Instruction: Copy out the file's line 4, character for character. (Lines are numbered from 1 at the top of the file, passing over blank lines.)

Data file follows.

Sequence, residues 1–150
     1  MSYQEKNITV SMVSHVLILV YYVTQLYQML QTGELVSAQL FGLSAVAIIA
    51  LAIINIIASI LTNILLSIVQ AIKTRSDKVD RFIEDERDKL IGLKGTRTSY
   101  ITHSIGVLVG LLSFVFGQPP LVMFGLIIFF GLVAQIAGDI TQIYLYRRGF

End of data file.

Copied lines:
   101  ITHSIGVLVG LLSFVFGQPP LVMFGLIIFF GLVAQIAGDI TQIYLYRRGF